Search This Blog

Monday, November 4, 2013

The secrets of the world's happiest cities | The Guardian

City illustration
'City life is as much about moving through landscapes as it is about being in them.' Illustration: Francesco Bongiorni for the Guardian
Two bodyguards trotted behind Enrique Peñalosa, their pistols jostling in holsters. There was nothing remarkable about that, given his profession – and his locale. Peñalosa was a politician on yet another campaign, and this was Bogotá, a city with a reputation for kidnapping and assassination. What was unusual was this: Peñalosa didn't climb into the armoured SUV. Instead, he hopped on a mountain bike. His bodyguards and I pedalled madly behind, like a throng of teenagers in the wake of a rock star.
A few years earlier, this ride would have been a radical and – in the opinion of many Bogotáns – suicidal act. If you wanted to be assaulted, asphyxiated by exhaust fumes or run over, the city's streets were the place to be. But Peñalosa insisted that things had changed. "We're living an experiment," he yelled back at me. "We might not be able to fix the economy. But we can design the city to give people dignity, to make them feel rich. The city can make them happier."
I first saw the Mayor of Happiness work his rhetorical magic back in the spring of 2006. The United Nations had just announced that some day in the following months, one more child would be born in an urban hospital or a migrant would stumble into a metropolitan shantytown, and from that moment on, more than half the world's people would be living in cities. By 2030, almost 5 billion of us will be urban.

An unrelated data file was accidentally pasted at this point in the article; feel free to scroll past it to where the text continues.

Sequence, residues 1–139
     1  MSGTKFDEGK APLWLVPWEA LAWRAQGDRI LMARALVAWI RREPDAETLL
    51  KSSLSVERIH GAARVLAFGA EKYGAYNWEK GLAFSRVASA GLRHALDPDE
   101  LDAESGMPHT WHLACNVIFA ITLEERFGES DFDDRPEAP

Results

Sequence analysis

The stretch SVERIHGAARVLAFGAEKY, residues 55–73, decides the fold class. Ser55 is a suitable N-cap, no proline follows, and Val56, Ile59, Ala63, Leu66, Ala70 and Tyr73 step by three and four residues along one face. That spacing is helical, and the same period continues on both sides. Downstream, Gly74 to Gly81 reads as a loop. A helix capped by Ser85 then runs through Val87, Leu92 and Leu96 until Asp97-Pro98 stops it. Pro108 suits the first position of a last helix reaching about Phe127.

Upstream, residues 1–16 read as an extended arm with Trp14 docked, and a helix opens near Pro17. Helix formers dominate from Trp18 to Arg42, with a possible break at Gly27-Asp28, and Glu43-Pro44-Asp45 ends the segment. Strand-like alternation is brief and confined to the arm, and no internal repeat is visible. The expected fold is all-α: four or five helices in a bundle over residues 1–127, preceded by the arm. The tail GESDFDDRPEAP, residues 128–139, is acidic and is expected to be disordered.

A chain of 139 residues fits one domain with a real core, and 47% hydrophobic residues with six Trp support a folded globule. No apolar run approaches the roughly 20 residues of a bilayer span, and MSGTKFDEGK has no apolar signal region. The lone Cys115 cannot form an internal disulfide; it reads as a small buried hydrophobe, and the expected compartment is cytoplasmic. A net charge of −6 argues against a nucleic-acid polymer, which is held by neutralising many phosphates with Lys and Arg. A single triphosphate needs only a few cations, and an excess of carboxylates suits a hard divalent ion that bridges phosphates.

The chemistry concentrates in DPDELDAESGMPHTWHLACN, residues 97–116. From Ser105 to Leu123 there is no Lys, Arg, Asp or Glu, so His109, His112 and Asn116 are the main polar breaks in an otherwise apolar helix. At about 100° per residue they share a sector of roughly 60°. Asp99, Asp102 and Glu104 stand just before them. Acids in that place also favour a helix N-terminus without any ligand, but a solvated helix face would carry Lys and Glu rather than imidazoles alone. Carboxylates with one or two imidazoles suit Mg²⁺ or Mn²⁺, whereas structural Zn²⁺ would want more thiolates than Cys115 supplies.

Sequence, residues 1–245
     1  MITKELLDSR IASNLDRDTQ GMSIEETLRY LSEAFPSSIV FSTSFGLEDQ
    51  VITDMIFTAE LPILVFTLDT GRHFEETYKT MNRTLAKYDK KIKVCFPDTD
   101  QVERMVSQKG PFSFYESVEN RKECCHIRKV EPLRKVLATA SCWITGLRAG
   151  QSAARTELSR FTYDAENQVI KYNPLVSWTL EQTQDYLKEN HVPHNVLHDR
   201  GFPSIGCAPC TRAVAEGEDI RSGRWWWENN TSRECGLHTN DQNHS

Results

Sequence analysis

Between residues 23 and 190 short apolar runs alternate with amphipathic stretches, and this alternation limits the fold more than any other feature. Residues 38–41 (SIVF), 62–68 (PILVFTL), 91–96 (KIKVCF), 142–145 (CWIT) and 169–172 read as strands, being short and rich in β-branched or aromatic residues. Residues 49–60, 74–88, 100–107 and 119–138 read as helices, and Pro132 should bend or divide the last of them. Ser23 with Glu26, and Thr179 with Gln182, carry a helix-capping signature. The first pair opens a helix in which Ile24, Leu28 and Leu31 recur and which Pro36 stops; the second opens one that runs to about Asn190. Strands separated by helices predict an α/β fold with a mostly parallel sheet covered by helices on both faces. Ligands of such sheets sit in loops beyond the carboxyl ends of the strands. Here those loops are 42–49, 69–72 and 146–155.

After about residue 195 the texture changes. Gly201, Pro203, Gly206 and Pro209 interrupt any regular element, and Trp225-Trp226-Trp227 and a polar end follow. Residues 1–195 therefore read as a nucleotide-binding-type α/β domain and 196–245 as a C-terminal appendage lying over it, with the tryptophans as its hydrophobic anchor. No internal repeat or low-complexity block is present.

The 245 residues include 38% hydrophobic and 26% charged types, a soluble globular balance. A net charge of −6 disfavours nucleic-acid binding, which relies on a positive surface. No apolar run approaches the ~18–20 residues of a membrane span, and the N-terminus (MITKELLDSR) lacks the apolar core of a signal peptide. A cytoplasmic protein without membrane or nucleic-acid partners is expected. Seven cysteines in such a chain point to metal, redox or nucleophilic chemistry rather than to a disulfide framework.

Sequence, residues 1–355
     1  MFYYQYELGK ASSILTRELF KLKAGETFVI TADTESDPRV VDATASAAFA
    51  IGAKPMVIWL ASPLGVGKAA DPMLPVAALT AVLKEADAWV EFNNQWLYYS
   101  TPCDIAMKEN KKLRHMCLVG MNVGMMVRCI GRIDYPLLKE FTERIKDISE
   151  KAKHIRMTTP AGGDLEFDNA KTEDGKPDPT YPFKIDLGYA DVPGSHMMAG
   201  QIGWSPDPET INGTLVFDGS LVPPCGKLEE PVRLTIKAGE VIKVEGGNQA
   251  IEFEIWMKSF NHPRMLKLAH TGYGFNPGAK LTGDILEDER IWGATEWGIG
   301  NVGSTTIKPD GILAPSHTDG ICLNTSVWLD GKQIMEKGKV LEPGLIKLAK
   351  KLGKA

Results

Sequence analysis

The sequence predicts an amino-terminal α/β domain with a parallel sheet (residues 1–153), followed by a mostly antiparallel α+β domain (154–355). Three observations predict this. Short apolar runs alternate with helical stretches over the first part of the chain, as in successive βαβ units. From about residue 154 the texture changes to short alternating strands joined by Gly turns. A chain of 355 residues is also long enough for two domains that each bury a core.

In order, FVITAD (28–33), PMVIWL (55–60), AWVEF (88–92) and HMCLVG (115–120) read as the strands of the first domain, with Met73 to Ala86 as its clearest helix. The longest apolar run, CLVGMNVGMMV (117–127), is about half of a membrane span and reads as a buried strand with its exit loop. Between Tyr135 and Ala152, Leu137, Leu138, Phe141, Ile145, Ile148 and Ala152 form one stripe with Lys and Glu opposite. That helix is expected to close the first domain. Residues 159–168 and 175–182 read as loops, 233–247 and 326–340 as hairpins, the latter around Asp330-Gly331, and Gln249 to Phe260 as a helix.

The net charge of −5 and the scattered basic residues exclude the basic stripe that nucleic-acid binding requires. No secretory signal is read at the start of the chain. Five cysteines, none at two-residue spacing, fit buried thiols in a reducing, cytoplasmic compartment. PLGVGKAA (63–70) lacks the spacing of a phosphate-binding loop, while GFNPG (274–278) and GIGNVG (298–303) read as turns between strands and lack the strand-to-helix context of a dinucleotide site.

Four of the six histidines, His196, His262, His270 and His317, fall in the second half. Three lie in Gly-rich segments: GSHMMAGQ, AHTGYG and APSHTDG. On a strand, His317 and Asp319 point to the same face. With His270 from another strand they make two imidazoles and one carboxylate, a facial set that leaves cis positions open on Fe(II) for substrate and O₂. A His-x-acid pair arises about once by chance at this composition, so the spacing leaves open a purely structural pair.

Peñalosa insisted that, like most cities, Bogotá had been left deeply wounded by the 20th century's dual urban legacy: first, the city had been gradually reoriented around cars. Second, public spaces and resources had largely been privatised. This reorganisation was both unfair – only one in five families even owned a car – and cruel: urban residents had been denied the opportunity to enjoy the city's simplest daily pleasures: walking on convivial streets, sitting around in public. And playing: children had largely disappeared from Bogotá's streets, not because of the fear of gunfire or abduction, but because the streets had been rendered dangerous by sheer speed. Peñalosa's first and most defining act as mayor was to declare war: not on crime or drugs or poverty, but on cars.

0 comments:

Post a Comment